If you’re not familiar, Workbook Scripts are optional scripts that can be added to views that provide advanced functionality inside of views. You can think of it as a modern, more maintainable analog to VBA, optimized to work in a world of Essbase-based data on spreadsheets. Dodeca 7.3 included some new methods and functions. There’s also updated Dodeca 7.3 WBS documentation available on the web.

New & Updated Procedures


The new CopyFromBinaryArtifact method is potentially the most interesting new method to show up. There are overloads for copying a whole sheet or copying a range from a particular binary artifact (i.e. a completely separate Excel sheet than the current view). So this potentially allows organizations to centralize some information, formatting, data, or other stuff into a central sheet, then refer to it. I could see people using this to store small amounts of data that they want to reuse in a view (thereby obviating the need to put the data in a bespoke relational table/cube), or copying some common formatting elements into a new view. So, this new method potentially opens up some significant maintenance savings and other possibilities in a lot of cases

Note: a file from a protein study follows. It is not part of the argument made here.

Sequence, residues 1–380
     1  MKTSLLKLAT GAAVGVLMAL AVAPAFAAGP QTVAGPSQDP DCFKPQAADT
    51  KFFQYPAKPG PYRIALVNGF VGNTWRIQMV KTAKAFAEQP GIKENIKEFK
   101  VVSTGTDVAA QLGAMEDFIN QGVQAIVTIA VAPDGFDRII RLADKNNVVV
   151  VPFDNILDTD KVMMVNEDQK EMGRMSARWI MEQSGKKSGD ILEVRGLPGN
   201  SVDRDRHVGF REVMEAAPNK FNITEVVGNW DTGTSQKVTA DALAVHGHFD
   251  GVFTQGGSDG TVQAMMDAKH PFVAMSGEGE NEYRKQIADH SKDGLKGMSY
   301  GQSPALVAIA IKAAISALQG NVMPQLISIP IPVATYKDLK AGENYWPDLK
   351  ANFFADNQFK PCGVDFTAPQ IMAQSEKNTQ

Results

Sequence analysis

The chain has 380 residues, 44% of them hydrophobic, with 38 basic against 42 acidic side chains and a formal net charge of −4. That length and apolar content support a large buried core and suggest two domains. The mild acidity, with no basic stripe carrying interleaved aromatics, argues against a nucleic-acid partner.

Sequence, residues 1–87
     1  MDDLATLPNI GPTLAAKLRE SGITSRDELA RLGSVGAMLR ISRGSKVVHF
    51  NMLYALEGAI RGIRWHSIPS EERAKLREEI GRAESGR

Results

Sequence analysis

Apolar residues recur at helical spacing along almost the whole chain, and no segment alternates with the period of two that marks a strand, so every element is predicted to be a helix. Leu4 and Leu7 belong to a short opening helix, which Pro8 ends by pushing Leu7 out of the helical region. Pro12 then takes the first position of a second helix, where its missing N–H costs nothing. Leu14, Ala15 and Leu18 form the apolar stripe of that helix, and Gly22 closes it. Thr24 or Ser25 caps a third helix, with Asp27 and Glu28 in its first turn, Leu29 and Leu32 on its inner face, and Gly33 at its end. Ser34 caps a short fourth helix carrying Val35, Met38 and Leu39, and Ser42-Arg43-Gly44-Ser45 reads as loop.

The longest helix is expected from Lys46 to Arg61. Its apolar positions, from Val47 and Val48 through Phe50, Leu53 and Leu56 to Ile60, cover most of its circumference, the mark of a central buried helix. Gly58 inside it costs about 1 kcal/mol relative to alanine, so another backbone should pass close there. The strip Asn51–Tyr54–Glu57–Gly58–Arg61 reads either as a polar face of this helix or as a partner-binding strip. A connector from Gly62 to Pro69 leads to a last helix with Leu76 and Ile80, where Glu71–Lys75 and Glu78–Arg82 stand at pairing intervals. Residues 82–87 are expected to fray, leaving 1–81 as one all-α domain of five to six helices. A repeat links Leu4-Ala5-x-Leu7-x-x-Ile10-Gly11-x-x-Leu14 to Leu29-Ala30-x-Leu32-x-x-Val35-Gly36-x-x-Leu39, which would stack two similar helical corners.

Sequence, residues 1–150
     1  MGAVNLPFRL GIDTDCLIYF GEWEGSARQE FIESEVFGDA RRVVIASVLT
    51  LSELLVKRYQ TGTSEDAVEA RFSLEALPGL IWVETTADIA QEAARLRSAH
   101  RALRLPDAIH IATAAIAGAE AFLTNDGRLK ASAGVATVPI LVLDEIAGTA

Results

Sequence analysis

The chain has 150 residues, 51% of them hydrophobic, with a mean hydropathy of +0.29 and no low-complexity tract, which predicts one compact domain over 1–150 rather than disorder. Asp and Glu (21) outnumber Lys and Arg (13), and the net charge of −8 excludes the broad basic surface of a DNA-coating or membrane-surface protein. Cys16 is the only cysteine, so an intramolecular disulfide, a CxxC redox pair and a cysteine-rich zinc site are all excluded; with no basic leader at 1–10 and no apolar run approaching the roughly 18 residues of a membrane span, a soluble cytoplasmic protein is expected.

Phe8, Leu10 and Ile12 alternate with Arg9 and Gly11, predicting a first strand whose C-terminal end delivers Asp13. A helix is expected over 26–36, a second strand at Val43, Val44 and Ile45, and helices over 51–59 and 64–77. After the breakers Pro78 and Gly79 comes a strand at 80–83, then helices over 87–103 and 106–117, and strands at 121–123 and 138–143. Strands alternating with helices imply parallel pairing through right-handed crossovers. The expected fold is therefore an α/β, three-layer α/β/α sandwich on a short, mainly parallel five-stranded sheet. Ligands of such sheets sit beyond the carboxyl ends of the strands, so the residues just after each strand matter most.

OpenApplication can be used to launch a different application instance from the current one. This can be useful for user convenience, where instead of telling the user that they need to go to a separate app, you can launch it for them.


The SaveWorkbookAsCsv method is pretty much what it sounds like. In addition to being able to save the workbook as a CSV file using the UI, you can perform this via WBS. I see Dodeca used in many cases providing some quasi-ETL functionality, or being used for large data dumps, so this could be handy. For example, maybe you want to allow users to drill into relational data and then automatically download it to their desktop.

AddDataCache: EssbaseMDXScript

There’s a new EssbaseMDXScript overload available as part of AddDataCache. The Data Cache functionality is really handy in many instances, especially where you want to execute an “expensive” (in terms of query time) query but then be able to do multiple things with the data without having to re-run the query. Now you can cache data based on an MDX query in addition to the normal options with report scripts, SQL, and more.

SendEmail (new Zip options)

SendEmail gained a couple of new properties to zip attachments. This method is already used quite heavily to have Dodeca generate and email large, complex books of reports (Excel and PDF) and mail them around. This is quite frequently used as part of batch reporting. This functionality is used so extensively by so many organizations that it is now useful to compress the output into a single file and attach that to the email. Now with a single option you can do exactly that.


There are a few other tidbits here and there like a new attributes property on the EssbaseReport method, some new convenience functions like getting the first column letter, last column letter, checking if a binary artifact exists, if a view is shared, and more.